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Foreign Exchange Frustrates

Marc To Market's picture




 

The US dollar saw its post-FOMC losses extended only against the euro as the perhaps the passable success of the Greek bond buy-back and bank supervision deal lent support to the single currency.  

 

Yet, even it succumbed to selling pressure in the European morning and returned to pre-FOMC levels near $1.3040.  Against most of the other majors, the dollar has been confined to yesterday's ranges.  This is somewhat reminiscent of the price action after QE3+ was announced on Sept 13, with the dollar bottoming either that day or the following day. 

Of course, we recognize that monetary policy is one of the factors the influence foreign exchange prices.  There are factors as well.  It seems that most investors and observers look at the same variables in their formal or informal models of currency determination, but differ on the coefficients, or weights that are given to the variables, which seem to change over time. 

 

The dollar extended its gains against the yen.  In fact the yen's weakness is one of the forces that have help the Japanese stock market buck the heavy tone in equities today and gain almost 1.7% to reach its best level since April.  The Nikkei is up 15.25% year-to-day., with 12.5% rise over the past month. Foreign investors have quadrupled their purchases of Japanese shares this year to about $11.3 bln.  These purchases are not sparked by desire to participate in a rapidly growing economy.  

 

To the contrary, the economy is contracting again and that will be the message from the December Tankan survey out first thing Friday in Tokyo.  Sentiment among large manufacturers is expected to deteriorate from the -3 reading in September to -10 with little improvement project for March.  Large non-manufacturer sentiment is expected to soft to 5 from 8 and be unchanged in March.  Capex is expected slow to 5% from 6.4%.  The key to the yen's weakness is the prospect that the new government that will be elected this weekend will pursue aggressive monetary and fiscal policies.  The BOJ meets next week and speculation is running high that it will expand its asset purchase program for the third time in four months and this is before the LDP takes charge. 

 

We have suspected that many observers were reaching regarding the Swiss National Bank.  Many expected that it would follow its two largest banks and impose a negative rates.  Others thought could lower its ceiling for the franc.  Others were hoping for some clues into its diversification of reserves and may have been positioned in the Norwegian krone as a likely candidate. 

 

The SNB disappointed on all counts.  There was no change in its LIBOR target range (0-25 bp).  There was not change in the cap.  There was no mention of the krone.  The euro slipped back below CHF1.21.  The SNB does hold a small amount of Swedish krona in reserves.  The krona has come under more pressure following another softer than expected CPI report that showed core inflation falling to 0.8% from 1.1% in Oct.  Separately, Sweden reported a jump in unemployment to 7.5% from 7.1%.  It reinforces expectations that the Riksbank will cut rates next week, while the Norway's central bank won't.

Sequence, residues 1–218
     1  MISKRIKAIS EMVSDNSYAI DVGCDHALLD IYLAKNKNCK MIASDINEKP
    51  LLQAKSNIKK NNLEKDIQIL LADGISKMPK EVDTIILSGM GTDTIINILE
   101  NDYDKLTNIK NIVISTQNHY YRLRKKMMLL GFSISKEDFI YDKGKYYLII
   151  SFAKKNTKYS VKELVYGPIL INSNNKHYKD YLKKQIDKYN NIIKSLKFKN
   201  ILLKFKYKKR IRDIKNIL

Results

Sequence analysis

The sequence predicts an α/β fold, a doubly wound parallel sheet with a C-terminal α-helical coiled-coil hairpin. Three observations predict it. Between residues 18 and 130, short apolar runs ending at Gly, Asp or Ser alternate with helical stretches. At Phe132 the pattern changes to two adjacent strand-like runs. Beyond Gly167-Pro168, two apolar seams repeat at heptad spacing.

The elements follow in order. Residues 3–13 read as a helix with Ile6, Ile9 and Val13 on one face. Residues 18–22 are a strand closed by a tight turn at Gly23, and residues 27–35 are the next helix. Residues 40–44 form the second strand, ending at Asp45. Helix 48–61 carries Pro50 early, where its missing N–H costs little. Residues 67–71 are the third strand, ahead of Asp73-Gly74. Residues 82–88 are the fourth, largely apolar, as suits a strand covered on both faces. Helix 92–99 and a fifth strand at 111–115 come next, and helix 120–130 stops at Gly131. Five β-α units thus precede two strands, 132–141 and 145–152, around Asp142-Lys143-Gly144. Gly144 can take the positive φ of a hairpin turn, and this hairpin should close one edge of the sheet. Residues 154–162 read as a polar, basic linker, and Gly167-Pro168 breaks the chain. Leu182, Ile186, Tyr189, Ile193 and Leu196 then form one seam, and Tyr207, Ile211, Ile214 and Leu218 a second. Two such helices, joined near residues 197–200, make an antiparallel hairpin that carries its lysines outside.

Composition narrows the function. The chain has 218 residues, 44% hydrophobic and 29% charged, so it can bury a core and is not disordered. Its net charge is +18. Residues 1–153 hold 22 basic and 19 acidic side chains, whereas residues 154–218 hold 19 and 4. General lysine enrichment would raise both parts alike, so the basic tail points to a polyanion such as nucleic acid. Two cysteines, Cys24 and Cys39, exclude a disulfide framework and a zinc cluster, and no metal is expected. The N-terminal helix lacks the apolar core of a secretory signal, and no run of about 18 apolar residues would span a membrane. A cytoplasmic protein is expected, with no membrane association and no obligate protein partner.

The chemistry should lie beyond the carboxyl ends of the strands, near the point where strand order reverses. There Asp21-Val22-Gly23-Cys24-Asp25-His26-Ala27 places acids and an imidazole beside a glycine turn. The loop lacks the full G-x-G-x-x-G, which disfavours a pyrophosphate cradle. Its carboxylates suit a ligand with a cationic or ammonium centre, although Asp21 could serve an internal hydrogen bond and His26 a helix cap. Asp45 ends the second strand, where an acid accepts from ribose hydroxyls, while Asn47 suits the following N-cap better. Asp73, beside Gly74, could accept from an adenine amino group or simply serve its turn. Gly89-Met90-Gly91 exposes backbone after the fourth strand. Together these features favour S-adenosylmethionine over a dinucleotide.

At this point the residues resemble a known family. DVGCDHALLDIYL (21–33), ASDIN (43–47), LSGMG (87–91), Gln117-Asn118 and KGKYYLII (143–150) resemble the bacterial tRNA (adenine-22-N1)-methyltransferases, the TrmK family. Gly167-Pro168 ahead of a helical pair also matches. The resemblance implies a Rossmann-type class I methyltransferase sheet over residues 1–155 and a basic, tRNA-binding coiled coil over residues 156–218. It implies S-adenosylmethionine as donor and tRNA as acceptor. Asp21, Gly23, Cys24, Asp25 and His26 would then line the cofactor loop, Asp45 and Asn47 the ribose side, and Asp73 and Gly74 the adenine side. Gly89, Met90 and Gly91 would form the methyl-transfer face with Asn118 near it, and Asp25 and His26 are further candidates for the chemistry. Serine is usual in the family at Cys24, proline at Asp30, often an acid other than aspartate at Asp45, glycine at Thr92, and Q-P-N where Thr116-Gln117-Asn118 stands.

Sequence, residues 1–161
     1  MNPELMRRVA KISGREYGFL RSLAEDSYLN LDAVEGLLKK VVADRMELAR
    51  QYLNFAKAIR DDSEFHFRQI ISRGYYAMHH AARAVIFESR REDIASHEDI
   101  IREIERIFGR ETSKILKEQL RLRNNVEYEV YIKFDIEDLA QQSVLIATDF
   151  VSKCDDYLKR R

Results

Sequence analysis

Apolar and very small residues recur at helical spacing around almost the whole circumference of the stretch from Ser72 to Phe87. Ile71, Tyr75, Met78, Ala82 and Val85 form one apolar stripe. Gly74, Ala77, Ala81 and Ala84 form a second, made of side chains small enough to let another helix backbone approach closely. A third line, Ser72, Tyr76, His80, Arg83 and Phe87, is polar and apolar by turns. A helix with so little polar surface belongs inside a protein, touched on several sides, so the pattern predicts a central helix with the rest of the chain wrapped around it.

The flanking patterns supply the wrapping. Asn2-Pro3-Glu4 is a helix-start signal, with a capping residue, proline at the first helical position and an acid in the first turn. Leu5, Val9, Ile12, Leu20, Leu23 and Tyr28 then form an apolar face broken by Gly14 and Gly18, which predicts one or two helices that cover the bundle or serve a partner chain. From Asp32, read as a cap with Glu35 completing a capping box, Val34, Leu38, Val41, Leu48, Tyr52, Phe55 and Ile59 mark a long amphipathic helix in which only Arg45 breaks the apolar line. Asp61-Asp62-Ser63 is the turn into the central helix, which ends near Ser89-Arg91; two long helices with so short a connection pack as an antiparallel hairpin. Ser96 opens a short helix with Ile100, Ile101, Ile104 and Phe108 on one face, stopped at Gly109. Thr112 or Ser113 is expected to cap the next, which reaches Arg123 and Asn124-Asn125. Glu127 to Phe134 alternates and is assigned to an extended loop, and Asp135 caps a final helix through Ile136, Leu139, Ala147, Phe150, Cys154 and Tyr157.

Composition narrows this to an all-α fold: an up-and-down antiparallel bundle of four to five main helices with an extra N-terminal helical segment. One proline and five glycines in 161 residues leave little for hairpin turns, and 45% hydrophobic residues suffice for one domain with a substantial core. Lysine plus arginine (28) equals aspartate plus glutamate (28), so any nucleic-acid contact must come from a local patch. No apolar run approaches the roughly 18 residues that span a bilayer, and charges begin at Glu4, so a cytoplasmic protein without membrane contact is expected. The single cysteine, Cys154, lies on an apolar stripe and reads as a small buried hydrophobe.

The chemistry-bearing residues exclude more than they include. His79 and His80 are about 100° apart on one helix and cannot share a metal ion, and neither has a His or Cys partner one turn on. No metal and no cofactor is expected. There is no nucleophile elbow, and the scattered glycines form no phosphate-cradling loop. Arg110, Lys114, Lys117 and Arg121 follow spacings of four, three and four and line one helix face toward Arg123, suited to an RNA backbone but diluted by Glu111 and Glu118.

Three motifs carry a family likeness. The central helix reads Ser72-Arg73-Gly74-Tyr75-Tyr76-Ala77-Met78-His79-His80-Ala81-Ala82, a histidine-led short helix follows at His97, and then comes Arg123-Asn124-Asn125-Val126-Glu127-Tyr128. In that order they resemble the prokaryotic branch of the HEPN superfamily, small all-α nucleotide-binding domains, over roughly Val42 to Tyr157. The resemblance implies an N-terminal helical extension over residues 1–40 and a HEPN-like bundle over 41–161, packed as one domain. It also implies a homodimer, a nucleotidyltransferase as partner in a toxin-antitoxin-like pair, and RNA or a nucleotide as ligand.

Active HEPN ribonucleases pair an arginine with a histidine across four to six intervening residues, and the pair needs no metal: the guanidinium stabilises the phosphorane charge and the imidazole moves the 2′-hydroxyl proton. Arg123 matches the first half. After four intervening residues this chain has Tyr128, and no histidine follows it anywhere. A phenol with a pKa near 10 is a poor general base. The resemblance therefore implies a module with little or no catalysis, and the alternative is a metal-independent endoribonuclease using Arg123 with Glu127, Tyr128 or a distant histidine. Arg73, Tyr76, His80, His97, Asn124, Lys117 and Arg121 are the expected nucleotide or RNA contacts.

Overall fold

What is most surprising by the FOMC yesterday was not the increase in QE3+, which many had expected, but move to provide numerical thresholds or guidance and away from the calendar approach.   The FOMC suggested that the new numerical guidance was not substantively changing the date guidance.   A Bloomberg survey found a consensus expects QE to continue through Q413 and possibly into Q1 14.  This will expand the Fed's balance sheet to around $4 trillion.   

 

In terms of what the Fed is buying, there appears to be more going into the 3-6 year bucket than observers had anticipated. Given that the focus is on the FOMC  buying $85 bln a month in MBS and Treasuries and the thresholds to raise rates, little attention has been devoted to the triggers for an increase in QE3+.  Depending on the extent of the fiscal austerity that will eventually come out of Washington (either before or after Dec 31), and the hit on the economy, an further expansion of the Fed's balance sheet cannot be ruled out. 

 

 

 

 

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Thu, 12/13/2012 - 10:12 | 3058994 Orly
Orly's picture

The USDJPY pair has formed a very large Cup with Handle formation on the Weekly chart from March 2012, with the back part of the cup completed yesterday evening.  Expect a retrace to the nearest Fibonacci level @~82.73 to form the handle before a bounce to re-test the highs of the cup.

:D

Thu, 12/13/2012 - 10:38 | 3059106 konputa
konputa's picture

That infamous two girls one cup formation, eh?

Thu, 12/13/2012 - 11:01 | 3059214 Orly
Orly's picture

Man, that is disgusting beyond belief.  How anyone can sit through ten seconds of it, much less the full eight-hour video.

Blech!

Thu, 12/13/2012 - 09:44 | 3058895 konputa
konputa's picture

The title certainly sums it up for trading Asian/London open this morning. What a waste of time.  And gold and silver? What the fuck? We've all learned to accept CB nonsense and I can usually still find a way to trade it but even their recent nonsense is without reason, be it flawed or otherwise.

Thu, 12/13/2012 - 11:17 | 3059307 tetsujin
tetsujin's picture

who cares man. trade what you see. it goes down, sell, price goes up buy. take profit, repeat. that's the point right?

 

we all know how bizarre paper market is, sell gold now and buy the physical. win on both counts

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